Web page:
The respiratory tract is one of the main interfaces between the body and the environment. Its major structural components are designed to maximize gas exchange and provide sensory input (i.e. odor detection). As such, the respiratory tract can become a target for a broad range of airborne environmental agents contributing to an expansive array of human diseases. Alterations in the structure or function of the respiratory system by diseases can dramatically affect the interface with the environment and alter the quality of life. To improve our ability to predict the dosimetry and thus the consequences of airborne pollutants (gases, vapors, particulates or atmospheric releases of chemical/biological weapons) or drugs intentionally administered by inhalation for normal or potentially sensitive populations, 3-dimensional (3D), biologically based models of the respiratory tracts of animals and humans will be developed by a cross-disciplinary team of mathematicians, physicists, chemists, and biologists. The overall specific aims of this partnership are to: (1) develop and apply magnetic resonance imaging and fluorescent microsphere techniques to determine the dynamic, 3D structural and functional properties of the respiratory tract; (2) determine the 3D cellular organization and metabolic capacity; (3) develop and extend software and computational capabilities for 3D modeling and upscaling techniques for cellular-to-organ model integration; (4) develop a normalized atlas of rat geometries with explicit measures of variability; (5) conduct in vivo gas exchange and particulate dosimetry studies for model validation and identification of model uncertainties; and (6) provide a web-based """"""""pulmonary physiome"""""""" platform for dissemination and training of researchers and clinicians in the use of imaging and annotated model databases. Five projects are designed to provide the necessary data on the dynamic structure and function of the respiratory system for the development and validation of the computational models. To support these five projects, three technology development cores will be established in advanced imaging, computation, and database/modeling access and training for external users. A fourth core will serve as an administrative interface and will provide statistical support among the participating institutions and projects.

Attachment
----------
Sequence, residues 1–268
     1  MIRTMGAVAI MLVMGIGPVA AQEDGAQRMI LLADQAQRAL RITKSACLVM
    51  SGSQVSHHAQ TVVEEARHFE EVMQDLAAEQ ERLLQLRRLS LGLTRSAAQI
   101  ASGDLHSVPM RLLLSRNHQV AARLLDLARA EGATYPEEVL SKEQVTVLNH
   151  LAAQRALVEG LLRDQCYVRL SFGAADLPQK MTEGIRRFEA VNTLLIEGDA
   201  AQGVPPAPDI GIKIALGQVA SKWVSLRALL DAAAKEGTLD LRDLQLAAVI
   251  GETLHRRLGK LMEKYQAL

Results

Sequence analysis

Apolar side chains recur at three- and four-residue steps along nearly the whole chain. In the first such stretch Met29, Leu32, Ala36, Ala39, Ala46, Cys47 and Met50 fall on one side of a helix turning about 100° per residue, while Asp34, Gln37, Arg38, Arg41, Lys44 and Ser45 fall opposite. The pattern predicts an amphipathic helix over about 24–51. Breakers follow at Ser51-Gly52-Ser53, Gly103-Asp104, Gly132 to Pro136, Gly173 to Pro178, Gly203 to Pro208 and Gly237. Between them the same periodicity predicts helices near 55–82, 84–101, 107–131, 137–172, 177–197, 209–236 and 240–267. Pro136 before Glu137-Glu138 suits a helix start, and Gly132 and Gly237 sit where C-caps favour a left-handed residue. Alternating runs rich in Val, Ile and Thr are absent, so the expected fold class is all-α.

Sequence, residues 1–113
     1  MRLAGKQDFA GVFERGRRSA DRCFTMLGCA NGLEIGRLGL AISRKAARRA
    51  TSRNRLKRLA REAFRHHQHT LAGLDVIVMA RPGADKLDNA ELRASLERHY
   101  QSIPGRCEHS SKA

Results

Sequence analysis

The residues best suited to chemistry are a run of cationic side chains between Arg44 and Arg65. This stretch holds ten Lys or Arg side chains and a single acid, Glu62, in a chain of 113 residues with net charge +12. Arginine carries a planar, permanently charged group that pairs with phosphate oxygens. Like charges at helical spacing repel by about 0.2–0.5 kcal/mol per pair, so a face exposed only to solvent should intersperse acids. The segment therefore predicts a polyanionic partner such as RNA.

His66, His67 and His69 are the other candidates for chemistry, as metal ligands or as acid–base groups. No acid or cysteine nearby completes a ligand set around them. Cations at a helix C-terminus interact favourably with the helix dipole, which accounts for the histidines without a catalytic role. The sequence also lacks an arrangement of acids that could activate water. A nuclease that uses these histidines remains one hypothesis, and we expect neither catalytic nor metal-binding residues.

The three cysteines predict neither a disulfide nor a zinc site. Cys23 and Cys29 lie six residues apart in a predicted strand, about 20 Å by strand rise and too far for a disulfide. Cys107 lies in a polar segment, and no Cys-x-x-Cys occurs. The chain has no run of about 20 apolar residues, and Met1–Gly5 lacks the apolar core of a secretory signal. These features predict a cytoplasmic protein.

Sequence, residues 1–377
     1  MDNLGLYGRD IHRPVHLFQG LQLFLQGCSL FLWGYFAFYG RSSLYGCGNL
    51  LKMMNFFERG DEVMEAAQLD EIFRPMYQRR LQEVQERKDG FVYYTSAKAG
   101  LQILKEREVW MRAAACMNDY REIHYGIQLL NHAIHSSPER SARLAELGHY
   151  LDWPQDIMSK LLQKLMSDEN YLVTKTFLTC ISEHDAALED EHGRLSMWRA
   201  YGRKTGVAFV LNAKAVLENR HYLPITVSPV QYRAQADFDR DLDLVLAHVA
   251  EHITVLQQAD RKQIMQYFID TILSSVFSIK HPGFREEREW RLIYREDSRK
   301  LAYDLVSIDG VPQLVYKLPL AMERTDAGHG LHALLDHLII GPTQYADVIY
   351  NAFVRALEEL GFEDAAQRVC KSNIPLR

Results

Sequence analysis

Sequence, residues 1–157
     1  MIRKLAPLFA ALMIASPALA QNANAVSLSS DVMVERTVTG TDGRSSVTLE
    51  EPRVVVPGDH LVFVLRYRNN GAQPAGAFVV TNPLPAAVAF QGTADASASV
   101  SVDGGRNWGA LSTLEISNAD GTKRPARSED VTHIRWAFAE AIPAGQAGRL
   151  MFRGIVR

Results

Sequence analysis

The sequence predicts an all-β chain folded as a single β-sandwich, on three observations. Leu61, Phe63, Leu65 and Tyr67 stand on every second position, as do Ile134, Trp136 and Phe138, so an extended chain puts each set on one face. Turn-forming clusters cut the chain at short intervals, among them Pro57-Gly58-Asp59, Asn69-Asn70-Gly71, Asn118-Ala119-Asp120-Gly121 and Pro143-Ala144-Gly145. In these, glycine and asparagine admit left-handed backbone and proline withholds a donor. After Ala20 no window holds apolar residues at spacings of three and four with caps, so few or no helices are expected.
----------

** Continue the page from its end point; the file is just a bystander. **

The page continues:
National Institute of Health (NIH)
National Heart, Lung, and Blood Institute (NHLBI)
Research Project (R01)
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Special Emphasis Panel (ZRG1-SSS-9 (50))
Program Officer
Croxton, Thomas
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Battelle Pacific Northwest Laboratories
United States
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